Very solid, calls to the old but uses the new. It isn’t going to turn up in anyone’s top 50 true, but … that isn’t the point of it. Let’s just say that this is not my first bottle of it – it brings you back and is enjoyable pretty much any time. It has a very well deserved place in the drinking range because of that.

Background: Ahh, Art Brew. Their beers are old friends of this blog, and I try to drop back to them every now and then. In this case to a session abv Pale Ale. Fairly simple name, and fairly simple concept. I felt like trying a beer that would hopefully concentrate on just being a good beer, rather than any flashy conceits or ingredients. Let’s see how that goes. Another one from Independent Spirit. I put on Svalbard’s bloody awesome It’s Hard To Have Hope while drinking. Seriously metal fans – great crunchy metal and socially relevant lyrics – you want to check this one out.

Kilchoman: Port Cask: 2018 (Scottish Islay Single Malt Whisky: 50% ABV)

Visual: Bronzed with a red to rose wine hue. Fast thick streaks come from the spirit.

Nose: Oily. Burnt tyres. Potpourri. Rose wine. Toast. Petals. Ash and smoke. Cold cellars. Brown sugar.

Body: Strawberry. Tingling alcohol. Dusty. Charred toast and brown bread. Soot. Water adds peat, cherries, perfume air, soft cherryaid and salt.

Finish: Dusty. Toast. Salt. Red berries. Muted red wine. Malt drinks and malt chocolate. Water adds toffee and caramel. Riesen chocolate chews. Soot. Dried apricot. Cherries.

Conclusion: Ok, this is a lot better than my first encounter with it at a whisky tasting night. It probably helps that this time it isn’t the fourth whisky in the rotation, plus it has had some time to breath. Anyway, back then I was worried that I had grabbed a dull one and had it waiting for me at home. Now? Well let us see.

Neat it is still lacklustre and a bit closed. It is a mix of sooty and perfumed in the body, which was weird as it had a very enticing oily aroma enticing you in, just seeping slowly over the lip of the glass, but the actual sipping of it gives none of that. Without water that closed nature means you get very little of the port influence. It actually felt kind of toast like – quite drab.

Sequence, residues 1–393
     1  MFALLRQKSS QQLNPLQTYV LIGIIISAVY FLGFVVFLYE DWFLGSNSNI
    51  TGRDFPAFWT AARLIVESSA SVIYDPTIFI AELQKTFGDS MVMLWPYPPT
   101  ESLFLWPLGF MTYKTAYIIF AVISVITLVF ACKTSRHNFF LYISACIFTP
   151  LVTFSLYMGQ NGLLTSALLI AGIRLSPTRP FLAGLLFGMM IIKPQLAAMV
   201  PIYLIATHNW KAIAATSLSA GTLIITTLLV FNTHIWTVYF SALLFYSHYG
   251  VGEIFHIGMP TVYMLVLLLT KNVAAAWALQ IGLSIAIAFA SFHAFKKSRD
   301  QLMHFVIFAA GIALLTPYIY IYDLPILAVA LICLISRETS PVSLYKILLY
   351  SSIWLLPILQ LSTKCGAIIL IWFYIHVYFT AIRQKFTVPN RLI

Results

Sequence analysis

Water makes a big different. It is still slightly closed and more sooty than peaty, but now it has subtle red fruit in the body, and that element raises more the more you add extra water into the mix. I find it odd as it is muted in the red fruit and muted in the Islay characteristics – both individual elements feel weak, but together it is more than the sum of its parts. The subtle red fruit behind soot works better than I would have imagined it would. Grounded, ash over muted red wine and cherries. Still not great one, but somehow these elements come together to accentuate each other well.

So, not as good in my opinion as the demand for it would suggest, especially before giving it some time to air where it was very closed. Now, well it is a solid sooty, smokey whisky against good use of port. Well with water at least. I respect it, but can’t say I would recommend it highly against the other Islays or even the other Kilchomans. Interesting as one of the little done port aged Islay, but far from a must have.

Background: Had this for a short while before trying – I had to grab it fast as it is one of 10,000 bottles and they flew off the shelves. Kilchoman has been a lovely new Islay distillery, and I’m generally a fan of Port Cask ageing so it seemed like a must buy. I was a bit nervous though – after buying it I had tried it at an Independent Spirit Uber whisky tasting and found it kind of average- plus on immediately breaking this open the first dram seemed similarly mediocre. Still, as I do with whisky these days I left it a week or so after opening before doing notes – lets see if a bit of time to breath has helped it. Put on some of The Royal They while drinking – their mix of quirky tunes yet solid lyrics delivered often in a more upbeat sound than the actual message would lead you to expect has made me a fan.

Oud Beersel: Green Walnut: 2017 (Belgium: Lambic – Fruit: 6% ABV)

Visual: Clear dark yellow. Large yellow-white head.

Nose: Oats. Horse blankets. Crushed nuts. White chocolate touch. Dried apricot. Moss.

Body: Acidic apple. Acidic pears. Lemon sherbet. Tart and acidic. Tart grapes. Cashew nuts. Dry white wine.

Finish: Lemon sherbet. Cashew nuts. Moss. Tart apples to cider. Dry white wine. Earthy notes, Charred notes.

Conclusion: Now this is nutty, very distinctly nutty, however lambics are fairly often nutty so I am unsure where the lambic base influence ends, and the green walnut addition begins. So, Let’s look at it as an overall beer for now, and see how things go from there, ok?